Currently, there is no debate about which fish sits at the top of the aquatic food chain. In fact, it is such a force to be reckoned with that it has become a part of our cultural lexicon. The Great White shark. The largest Great White ever recorded comes in at about 23 feet with most measuring between 12 to 16 feet. With a bite force of 1.8 tons, there are very few animals that can hope to survive a direct assault from a Great White. However, if we were to travel back 25 million years ago, we’d discover a shark that would truly dwarf even a 23-foot predator.
Commonly known as Megalodon, meaning “giant tooth,” this colossal animal cruised the seas following the Mesozoic era. With a profile 54 feet longer than the average Great White, adult Megalodons could grow up to 70 feet. This would put their weight between 50-100 tons. Without question, this is the largest shark ever to live on Earth. While there is conjecture about whether Megalodon is actually an ancestor to the Great White, it is generally agreed that the two sharks share several defining features.
Scientists have deduced that both sharks had a very similar appearance. In fact, with the exception of sheer size, they would probably be difficult to tell apart. It is also highly likely that both sharks had similar hunting strategies. Rather than attack at the same level as its prey, Great Whites usually swim far below, swim very quickly towards the surface and use their momentum and massive jaw strength to obliterate any opposition from prey. This is also a very practical way to avoid injury that could result from a long, drawn out struggle.
Considering extremely similar jaw and physical makeup, it is commonly accepted that Megalodon would have used similar methods. The biggest difference being that while Great Whites hunt seals, Megalodon was patrolling for whales several times the size of any seal. This larger prey meant that larger teeth and far more devastating jaw power was required. Megalodon had both in spades. Most teeth found from this prehistoric giant are around seven inches long, serrated and meant to cut through practically anything Megalodon had interest in. Seven inches may not sound impressive until you consider the largest teeth Great Whites carry are three inches long.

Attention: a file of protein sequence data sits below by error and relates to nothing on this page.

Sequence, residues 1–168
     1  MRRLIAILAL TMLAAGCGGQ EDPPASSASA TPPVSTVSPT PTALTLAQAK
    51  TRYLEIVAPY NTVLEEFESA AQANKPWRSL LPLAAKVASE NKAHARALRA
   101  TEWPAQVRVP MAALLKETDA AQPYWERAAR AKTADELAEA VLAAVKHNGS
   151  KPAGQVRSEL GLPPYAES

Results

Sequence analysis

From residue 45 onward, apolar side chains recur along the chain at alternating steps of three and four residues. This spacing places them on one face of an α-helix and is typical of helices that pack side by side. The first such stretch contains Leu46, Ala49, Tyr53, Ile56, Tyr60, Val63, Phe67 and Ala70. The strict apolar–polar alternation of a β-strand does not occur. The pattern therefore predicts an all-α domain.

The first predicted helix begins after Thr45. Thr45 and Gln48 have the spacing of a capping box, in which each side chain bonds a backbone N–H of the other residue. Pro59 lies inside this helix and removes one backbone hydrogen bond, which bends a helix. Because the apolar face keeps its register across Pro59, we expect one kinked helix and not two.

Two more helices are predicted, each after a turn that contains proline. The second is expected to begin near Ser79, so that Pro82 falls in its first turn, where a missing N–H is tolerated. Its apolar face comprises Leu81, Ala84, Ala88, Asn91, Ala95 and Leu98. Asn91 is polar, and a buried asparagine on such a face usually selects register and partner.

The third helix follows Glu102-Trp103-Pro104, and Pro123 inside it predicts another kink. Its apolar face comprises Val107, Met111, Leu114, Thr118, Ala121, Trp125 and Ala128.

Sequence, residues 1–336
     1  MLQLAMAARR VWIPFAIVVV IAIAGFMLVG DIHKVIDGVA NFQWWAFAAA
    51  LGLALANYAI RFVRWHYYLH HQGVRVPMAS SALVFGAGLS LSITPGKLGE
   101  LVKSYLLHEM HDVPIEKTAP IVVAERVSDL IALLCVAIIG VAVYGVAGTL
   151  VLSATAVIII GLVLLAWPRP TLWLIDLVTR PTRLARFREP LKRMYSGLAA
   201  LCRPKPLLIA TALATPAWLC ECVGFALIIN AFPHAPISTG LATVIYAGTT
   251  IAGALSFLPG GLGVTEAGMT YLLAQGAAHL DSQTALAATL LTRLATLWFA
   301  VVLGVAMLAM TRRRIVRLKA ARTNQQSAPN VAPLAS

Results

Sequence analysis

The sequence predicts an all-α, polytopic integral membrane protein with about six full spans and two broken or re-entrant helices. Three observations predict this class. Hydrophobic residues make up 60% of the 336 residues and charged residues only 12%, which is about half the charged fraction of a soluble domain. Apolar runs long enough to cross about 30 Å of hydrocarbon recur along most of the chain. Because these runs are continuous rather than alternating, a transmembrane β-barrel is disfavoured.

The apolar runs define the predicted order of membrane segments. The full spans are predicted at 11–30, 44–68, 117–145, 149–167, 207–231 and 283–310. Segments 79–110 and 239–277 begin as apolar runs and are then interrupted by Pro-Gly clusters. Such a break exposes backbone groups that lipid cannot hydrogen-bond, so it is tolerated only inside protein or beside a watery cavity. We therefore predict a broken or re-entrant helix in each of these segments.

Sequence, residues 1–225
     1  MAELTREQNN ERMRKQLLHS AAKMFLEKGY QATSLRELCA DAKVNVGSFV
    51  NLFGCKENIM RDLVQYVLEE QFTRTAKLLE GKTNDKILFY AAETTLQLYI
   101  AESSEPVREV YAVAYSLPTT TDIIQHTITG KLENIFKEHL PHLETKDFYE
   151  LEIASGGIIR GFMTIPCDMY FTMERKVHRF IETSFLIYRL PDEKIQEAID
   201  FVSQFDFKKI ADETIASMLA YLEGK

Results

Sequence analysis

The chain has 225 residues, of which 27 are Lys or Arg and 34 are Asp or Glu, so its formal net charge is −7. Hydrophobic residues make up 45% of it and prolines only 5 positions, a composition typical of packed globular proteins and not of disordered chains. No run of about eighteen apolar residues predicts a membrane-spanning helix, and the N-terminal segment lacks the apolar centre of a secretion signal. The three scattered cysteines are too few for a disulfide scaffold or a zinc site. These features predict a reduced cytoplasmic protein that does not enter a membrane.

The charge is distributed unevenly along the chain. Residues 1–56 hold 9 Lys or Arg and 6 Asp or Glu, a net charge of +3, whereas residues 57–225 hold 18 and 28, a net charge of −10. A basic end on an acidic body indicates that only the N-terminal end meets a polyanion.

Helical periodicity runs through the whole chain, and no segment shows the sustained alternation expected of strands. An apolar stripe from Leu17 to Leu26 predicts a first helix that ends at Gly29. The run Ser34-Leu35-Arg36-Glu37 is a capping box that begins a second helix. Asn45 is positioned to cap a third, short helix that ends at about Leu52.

While the teeth certainly are impressive, the truly cataclysmic part of Megalodon is found in its jaw strength. Remember that the Great White has a fairly stunning 1.8 tons of bite force. Now consider that Megalodon was hunting with ten times that force and some paleontologists say that is lowballing it. In fact, some in the scientific community suggest a bite force as critical as 18.2 tons. To give some scale, the average human has jaw strength of about 120 pounds of pressure. That puts us about 36,280 pounds short of what Megalodon was capable of. Put differently, that shark had over 302 times the maximum force we can muster. Simply stated, Megalodon could crush the skull of nearly any prehistoric whale with the same ease as you can bite through a cherry.
As powerful as Megalodon was, it was no match for Mother Nature. When the ice age began, the oceans began to drop dramatically in temperature. While whales were able to press on with their blubber, such massive sharks were not so lucky. It is generally believed that they were able to migrate to warmer waters, but their prey did not follow. The likely result is that Megalodon simply ran out of food and starved to extinction.
Unfortunately, it is very difficult for scientists to learn more about this amazing shark. We have only scratched the surface and know very little of its behaviors, tendencies, or much else. As with modern day sharks, almost the entire body of Megalodon was made of cartilage and other materials that naturally decompose. The only remains to be found are the massive teeth the shark once carried.
One thing is for certain. While it may be extinct now, when it was still cruising the oceans, Megalodon was king of the seas.